Tesla’s Shanghai plant continues to churn out vehicles at a steady pace, however, the brand’s market share in communist China has fallen.
According to Chinese automotive data provider China Passenger Car Association (CPCA), Tesla produced 53,000 vehicles in November, sold 32,000 in the domestic market, and exported the rest to other nations.
“The numbers are OK but exports were lower than I expected. However, we need to wait for production numbers,” Troy Teslike, who specializes in Tesla delivery estimates, tweeted on Dec. 8. The production numbers are expected to be announced between Dec. 13 and 20.
The Shanghai plant has manufactured 55,000 cars monthly for the past three months. Compared to the first half of this year, the monthly average production rate is up by 100 percent. However, Tesla’s share of battery and plug-in electric vehicles during this period slipped to 7 percent when compared to 9 percent in the first half.
“Tesla’s average monthly Shanghai capacity is up about 100% over the past three months. Looking over the second half of 2021, Shanghai capacity is up about 70% compared with the first half of 2021. Chinese EV sales are up about 60% a month on average in the second half, compared with the first half of 2021. So Tesla production has more than kept up, but the need to export has cost Tesla Chinese market share,” Al Root, a senior writer at Barron’s, writes in an article.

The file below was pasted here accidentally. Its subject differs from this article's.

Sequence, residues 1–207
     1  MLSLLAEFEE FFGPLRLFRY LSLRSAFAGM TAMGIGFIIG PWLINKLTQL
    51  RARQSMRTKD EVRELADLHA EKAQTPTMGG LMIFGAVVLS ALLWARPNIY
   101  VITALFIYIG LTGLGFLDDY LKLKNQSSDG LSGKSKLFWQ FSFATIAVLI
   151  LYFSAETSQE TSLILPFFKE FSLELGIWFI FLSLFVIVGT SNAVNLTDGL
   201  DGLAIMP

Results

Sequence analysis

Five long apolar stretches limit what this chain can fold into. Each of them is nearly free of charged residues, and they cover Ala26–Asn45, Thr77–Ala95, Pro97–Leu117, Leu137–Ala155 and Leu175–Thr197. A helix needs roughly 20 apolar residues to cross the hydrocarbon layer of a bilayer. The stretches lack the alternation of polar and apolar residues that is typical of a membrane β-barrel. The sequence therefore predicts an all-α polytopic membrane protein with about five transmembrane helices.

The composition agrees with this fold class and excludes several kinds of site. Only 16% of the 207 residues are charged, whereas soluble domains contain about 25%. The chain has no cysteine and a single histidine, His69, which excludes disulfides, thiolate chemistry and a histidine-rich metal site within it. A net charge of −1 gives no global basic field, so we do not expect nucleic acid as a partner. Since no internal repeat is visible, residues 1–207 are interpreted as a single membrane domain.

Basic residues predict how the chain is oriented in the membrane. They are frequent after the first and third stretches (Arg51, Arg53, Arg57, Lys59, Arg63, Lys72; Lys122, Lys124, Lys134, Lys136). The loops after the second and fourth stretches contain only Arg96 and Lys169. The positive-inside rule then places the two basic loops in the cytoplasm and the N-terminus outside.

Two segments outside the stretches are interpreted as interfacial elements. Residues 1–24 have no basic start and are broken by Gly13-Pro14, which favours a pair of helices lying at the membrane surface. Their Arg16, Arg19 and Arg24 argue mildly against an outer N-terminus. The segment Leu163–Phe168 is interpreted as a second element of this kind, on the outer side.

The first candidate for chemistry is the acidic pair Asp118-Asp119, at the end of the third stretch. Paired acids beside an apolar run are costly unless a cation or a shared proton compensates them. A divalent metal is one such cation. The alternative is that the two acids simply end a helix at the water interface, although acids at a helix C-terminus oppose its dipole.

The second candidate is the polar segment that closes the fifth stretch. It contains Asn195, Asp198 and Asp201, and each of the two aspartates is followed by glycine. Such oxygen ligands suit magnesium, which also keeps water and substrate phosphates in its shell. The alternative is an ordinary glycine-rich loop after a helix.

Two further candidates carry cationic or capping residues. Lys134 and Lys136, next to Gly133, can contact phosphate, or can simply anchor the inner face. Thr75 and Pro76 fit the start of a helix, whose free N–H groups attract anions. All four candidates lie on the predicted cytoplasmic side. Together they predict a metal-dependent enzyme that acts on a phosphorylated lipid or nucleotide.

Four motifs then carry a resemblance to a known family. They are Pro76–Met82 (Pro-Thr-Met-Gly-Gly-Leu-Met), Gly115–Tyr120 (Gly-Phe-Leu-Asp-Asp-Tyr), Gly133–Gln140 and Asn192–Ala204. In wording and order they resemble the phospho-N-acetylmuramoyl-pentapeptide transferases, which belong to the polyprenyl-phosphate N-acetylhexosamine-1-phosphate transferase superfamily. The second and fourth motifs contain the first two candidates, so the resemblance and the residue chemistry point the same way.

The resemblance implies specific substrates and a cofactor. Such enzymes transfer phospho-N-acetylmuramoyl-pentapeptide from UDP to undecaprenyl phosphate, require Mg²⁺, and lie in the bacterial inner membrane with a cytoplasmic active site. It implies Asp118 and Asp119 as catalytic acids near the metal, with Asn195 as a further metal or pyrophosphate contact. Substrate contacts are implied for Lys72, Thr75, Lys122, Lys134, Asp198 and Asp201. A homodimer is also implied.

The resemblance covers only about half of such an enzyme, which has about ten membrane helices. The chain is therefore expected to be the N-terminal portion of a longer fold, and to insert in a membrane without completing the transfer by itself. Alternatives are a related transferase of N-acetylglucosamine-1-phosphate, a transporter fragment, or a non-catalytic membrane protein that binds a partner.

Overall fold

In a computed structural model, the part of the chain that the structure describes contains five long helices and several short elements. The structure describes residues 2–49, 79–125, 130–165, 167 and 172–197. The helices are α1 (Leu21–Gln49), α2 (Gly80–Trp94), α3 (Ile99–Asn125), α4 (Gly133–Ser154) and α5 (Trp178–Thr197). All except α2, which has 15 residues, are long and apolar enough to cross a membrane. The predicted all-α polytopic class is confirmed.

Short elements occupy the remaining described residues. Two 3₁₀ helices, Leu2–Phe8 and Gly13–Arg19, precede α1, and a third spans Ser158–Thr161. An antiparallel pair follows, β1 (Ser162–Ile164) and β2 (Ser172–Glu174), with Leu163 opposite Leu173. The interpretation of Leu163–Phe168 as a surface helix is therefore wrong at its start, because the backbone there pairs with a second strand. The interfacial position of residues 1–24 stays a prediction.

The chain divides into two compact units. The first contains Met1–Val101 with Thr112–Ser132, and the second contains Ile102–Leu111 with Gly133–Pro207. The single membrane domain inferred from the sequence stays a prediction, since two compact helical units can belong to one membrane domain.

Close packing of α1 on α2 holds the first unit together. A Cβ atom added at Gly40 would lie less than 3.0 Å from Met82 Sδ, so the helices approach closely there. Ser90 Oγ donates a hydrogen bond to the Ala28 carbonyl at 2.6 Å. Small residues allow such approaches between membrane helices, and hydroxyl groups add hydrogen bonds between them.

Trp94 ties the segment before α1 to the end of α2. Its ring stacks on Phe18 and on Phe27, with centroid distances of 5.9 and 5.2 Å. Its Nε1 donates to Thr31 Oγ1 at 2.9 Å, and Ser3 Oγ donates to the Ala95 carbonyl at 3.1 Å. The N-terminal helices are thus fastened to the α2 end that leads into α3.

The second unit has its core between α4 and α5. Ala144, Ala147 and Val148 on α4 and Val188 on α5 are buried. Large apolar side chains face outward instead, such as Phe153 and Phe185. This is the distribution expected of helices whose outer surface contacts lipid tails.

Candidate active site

You are now signed up for our newsletter
Check your email to complete sign up
Despite unsteady sales in China, UBS analyst Patrick Hummel has reiterated a “Hold” rating on Tesla stock, even increasing the price target to $1,000 from the previous $725. However, he warns that there is downside potential of 6.5 percent.
Hummel expects Tesla to exceed expectations next year. The analyst believes that software is the “next battleground” in the global car industry. No other carmaker comes close to monetizing every day fully automated driving like Tesla. The company’s technology has created the “biggest software-driven revenue opportunity” in the industry, he argues.
New Street analyst Pierre Ferragu maintains a Buy rating on the stock, increasing the target price to $1,580 from $1,298.
“Multiple strong catalysts in 2022 can drive shares higher in coming months. Those include an upside fourth quarter, strong production from Tesla’s Shanghai facility, new production capacity coming online in Germany and Texas, and new batteries for Tesla EVs,” Ferragu said in a note.
In October, the overall deliveries of electric vehicles had surged by 141 percent; 19 out of every 100 passenger cars sold in China were an EV. Deliveries of new energy vehicles have risen by 191.9 percent year-on-year in the first 10 months of 2021. Local sales are being led by companies like BYD, Tesla, and Wuling.